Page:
“Winning a clay court tournament was something that I found incredibly hard to do for a very long time, so to get the breakthrough in 2015 was a very special moment. Rafa is the greatest clay court player who’s ever lived so to be able to capture my first Masters title against one of the greatest on that surface was a very proud moment.”

Murray, indeed, did not just win the Madrid title against home favourite and clay maestro Nadal, but did it the hard way from start to finish.

He arrived from a rain-delayed Munich having played a three-set final a day late. A couple of days later, having hot-footed it to the very different clay of Madrid, he found himself playing in the early hours of the morning after the preceding matches all over-ran.

As if all that was not enough, he faced the big-hitting Milos Raonic in the Madrid quarters, the previous year’s finalist and Barcelona champion Kei Nishikori in the semis, and finally defending champion Nadal in the final. And although Nadal was still in search of his best clay form, he had beaten Murray in 15 of their previous 20 meetings, and in all of their clay matches. Yet Murray surged to the title, 6-3, 6-2, as though born to the red dirt.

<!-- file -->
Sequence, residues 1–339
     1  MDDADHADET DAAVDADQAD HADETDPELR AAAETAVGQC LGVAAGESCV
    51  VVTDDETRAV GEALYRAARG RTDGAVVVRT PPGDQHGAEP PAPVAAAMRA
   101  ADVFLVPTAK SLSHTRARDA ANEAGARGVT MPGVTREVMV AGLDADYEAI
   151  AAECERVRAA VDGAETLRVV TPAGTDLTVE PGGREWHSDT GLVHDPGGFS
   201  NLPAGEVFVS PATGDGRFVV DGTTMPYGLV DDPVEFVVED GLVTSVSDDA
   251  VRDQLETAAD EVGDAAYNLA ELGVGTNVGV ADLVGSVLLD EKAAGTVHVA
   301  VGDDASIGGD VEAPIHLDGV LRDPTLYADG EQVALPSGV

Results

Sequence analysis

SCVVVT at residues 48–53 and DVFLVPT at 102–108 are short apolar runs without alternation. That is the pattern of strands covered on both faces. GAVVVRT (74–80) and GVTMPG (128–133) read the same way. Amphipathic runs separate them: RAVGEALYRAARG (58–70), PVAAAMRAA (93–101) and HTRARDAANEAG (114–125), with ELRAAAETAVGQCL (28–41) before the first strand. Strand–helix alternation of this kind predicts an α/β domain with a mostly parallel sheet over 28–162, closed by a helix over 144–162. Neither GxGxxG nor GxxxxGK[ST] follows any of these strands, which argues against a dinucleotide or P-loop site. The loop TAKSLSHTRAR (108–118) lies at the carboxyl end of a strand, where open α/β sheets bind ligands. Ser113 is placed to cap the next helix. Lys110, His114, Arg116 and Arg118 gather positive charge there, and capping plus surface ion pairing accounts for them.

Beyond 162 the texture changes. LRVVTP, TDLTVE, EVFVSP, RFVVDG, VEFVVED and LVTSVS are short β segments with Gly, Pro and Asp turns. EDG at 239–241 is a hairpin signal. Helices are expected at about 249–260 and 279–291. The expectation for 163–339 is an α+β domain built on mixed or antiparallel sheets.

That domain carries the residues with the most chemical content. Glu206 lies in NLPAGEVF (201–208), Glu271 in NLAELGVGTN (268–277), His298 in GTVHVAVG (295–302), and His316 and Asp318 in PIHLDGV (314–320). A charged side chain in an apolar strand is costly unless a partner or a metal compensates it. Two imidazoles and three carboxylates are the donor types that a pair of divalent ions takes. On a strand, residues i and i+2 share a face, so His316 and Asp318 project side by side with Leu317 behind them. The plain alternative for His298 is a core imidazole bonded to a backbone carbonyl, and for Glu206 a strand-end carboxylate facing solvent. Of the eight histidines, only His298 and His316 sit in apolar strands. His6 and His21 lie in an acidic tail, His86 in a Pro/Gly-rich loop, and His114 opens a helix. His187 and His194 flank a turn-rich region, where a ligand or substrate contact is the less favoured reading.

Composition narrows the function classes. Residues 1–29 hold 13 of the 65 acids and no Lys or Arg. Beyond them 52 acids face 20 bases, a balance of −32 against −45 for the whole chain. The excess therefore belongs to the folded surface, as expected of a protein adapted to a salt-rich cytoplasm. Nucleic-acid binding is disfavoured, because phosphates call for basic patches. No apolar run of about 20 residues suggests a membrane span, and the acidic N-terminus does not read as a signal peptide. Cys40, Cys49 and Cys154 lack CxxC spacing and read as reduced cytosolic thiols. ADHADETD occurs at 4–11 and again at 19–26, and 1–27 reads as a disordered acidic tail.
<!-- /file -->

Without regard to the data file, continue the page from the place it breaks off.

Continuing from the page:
He put much of his form down to rigorous preparation: “My preparation last year was probably the best it’s ever been for the clay. I spent two weeks in Barcelona training on clay, which enabled me to really work on my tactics and movement. I also won my first tournament in Munich the week before, so I had a lot of confidence going into Madrid.”

This year, he has trained in Majorca alongside Nadal, and still sees the Spaniard as one of the favourites here—not least because the most prolific winner on clay arrives on a wave of confidence after winning in Monte-Carlo and Barcelona.

“Every player goes through periods where they don’t necessarily play as well as they have done previously, but it’s how you react to that dip in form that is important. Rafa in my opinion is still one of the best players on the surface and he still works as hard as he can on and off the court.”

Naturally he sees Djokovic, who won here in 2011 but has not played in Madrid for the last two years, as another of the chief threats.